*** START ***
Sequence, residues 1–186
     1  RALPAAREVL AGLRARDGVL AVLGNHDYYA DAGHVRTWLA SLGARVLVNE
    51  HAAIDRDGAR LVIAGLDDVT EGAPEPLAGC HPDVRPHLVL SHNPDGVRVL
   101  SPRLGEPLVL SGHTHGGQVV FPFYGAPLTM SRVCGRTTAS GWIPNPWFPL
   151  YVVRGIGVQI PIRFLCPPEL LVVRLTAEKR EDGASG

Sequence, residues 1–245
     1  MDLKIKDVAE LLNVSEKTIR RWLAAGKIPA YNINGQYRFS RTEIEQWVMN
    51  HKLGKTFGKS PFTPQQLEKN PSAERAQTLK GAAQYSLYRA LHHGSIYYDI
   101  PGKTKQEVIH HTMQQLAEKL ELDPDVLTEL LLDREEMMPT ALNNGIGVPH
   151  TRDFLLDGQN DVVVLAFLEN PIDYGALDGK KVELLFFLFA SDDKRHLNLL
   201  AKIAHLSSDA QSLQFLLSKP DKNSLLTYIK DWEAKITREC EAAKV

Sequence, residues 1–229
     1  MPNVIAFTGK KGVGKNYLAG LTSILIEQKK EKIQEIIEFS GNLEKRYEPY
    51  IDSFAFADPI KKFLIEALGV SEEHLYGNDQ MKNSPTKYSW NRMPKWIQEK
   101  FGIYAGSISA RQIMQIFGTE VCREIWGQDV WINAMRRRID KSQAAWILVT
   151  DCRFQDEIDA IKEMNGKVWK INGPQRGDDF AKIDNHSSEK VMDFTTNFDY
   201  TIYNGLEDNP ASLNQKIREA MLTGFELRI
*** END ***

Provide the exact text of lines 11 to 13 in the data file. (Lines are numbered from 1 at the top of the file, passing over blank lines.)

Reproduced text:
   201  AKIAHLSSDA QSLQFLLSKP DKNSLLTYIK DWEAKITREC EAAKV

Sequence, residues 1–229
     1  MPNVIAFTGK KGVGKNYLAG LTSILIEQKK EKIQEIIEFS GNLEKRYEPY